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Joe Dooley Column: What a hurling year we had in 2013

Updated: Wednesday, 02 Oct 2013 15:29 | Comments

Clare emerged winners of the All-Ireland Senior Hurling Championship
Clare emerged winners of the All-Ireland Senior Hurling Championship

By Joe Dooley

What a hurling year 2013 turned out to be.

At the start of the Championship everyone was expecting that it was going to be a two or three horse race with Kilkenny, Tipperary and Galway expected to provide most of the entertainment in the business end of the year.

The season unfolded with Dublin and Wexford playing out a dull draw and the Dubs winning the replay and going on to face Kilkenny, who had struggled to shake off Offaly in their opening round.

Dublin, against the odds, drew with Kilkenny in Portlaoise and deservedly beat them in the replay (their first win over the Cats since 1942) to set up a Leinster final meeting with Galway who had struggled to get past Laois.

Dublin gave one of the displays of the year beating Galway and scoring 2-25 to win their first Leinster title since 1961.

Down south, Limerick shocked Tipperary with a great performance especially in the last 20 minutes.

Clare won their first Munster Championship game in five years beating Waterford but then played poorly against Cork in the semi-final and were well beaten.

Limerick won the Munster final in front of a huge crowd at the Gaelic Grounds beating 14-man Cork to claim their first Munster Championship since 1996.

Meanwhile in the qualifiers, Kilkenny and Tipperary were drawn against each other in Nowlan Park in what was a hugely memorable occasion with 'King' Henry Shefflin returning to make a late appearance and help Kilkenny seal a tight victory.

Waterford did a tour of Leinster beating Offaly and Westmeath to set up a meeting with the Cats. It was a brilliant game on a lovely evening in Thurles going to extra-time and Kilkenny just shading it in the finish.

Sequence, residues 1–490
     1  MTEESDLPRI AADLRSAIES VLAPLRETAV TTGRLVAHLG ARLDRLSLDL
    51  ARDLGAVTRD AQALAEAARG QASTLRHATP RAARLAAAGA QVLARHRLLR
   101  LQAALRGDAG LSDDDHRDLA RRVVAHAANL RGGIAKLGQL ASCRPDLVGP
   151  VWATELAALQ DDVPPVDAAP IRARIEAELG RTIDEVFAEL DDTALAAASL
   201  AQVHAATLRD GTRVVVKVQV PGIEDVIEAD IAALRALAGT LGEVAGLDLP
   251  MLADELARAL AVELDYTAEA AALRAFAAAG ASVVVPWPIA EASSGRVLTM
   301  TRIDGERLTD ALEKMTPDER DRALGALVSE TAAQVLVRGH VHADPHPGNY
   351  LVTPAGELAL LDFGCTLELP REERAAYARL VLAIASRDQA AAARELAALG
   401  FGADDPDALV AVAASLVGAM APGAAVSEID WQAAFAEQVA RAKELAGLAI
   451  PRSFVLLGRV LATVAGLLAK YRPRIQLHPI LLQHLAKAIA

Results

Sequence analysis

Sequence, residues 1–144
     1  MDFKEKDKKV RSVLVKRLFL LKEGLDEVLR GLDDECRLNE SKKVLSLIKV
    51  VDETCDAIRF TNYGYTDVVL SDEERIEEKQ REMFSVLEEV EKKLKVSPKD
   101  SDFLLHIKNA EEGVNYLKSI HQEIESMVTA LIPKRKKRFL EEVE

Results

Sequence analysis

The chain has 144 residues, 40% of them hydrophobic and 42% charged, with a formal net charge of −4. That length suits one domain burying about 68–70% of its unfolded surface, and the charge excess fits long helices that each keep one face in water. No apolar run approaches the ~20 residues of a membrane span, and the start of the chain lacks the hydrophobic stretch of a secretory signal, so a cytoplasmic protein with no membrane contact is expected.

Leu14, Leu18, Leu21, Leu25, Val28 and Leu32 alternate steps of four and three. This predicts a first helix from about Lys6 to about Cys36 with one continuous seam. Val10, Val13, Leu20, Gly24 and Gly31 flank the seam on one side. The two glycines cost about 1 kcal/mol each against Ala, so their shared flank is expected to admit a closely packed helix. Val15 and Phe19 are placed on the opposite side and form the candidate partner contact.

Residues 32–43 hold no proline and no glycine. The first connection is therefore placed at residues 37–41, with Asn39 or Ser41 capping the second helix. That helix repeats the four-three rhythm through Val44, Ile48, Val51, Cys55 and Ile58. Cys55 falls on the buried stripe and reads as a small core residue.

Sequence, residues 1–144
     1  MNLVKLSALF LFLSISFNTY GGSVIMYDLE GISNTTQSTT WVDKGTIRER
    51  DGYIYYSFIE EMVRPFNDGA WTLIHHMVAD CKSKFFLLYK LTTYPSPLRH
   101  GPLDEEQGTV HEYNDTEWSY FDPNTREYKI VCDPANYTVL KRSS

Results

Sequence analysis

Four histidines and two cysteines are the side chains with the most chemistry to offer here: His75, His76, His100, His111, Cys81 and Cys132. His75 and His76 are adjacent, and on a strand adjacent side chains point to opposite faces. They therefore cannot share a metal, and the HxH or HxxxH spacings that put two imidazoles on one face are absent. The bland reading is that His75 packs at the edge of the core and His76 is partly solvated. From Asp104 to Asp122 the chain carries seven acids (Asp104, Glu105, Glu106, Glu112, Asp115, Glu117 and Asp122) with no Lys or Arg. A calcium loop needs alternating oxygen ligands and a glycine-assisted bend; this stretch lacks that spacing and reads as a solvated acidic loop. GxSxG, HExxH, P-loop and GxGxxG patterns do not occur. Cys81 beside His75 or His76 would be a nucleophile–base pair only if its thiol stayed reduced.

Clare played Wexford on the same evening and that game also went to extra-time but for me that evening the lasting memory that I took away from Thurles was, not the epic Kilkenny v Waterford game, but the speed and skill of the Clare team.

Kilkenny finally came a cropper against Cork in the next phase of the qualifiers with Henry seeing red. It was just one bridge too far for them. A growing list of injuries before and during the Championship did not help their cause in 2013.

Clare faced up to Galway in the quarter-final and proved too fast for them, and they cut out the threat of Joe Canning using a sweeper system.

They also did something very similar against Limerick in the semi-final, cutting out the threat of Graham Mulcahy and Declan Hannon and again winning comfortably.

Cork played Dublin in a classic game in the other semi-final and just about won with the help of an opportunistic goal from Pat Horgan and the sending off of Ryan O'Dwyer.

The first All-Ireland final between Cork and Clare on 8 September was not a classic but had a very exciting finish with Domhnall O'Donovan equalising for Clare with the last puck of the game.

Clare reverted to an orthodox formation and matched up players to try and maximise their advantage.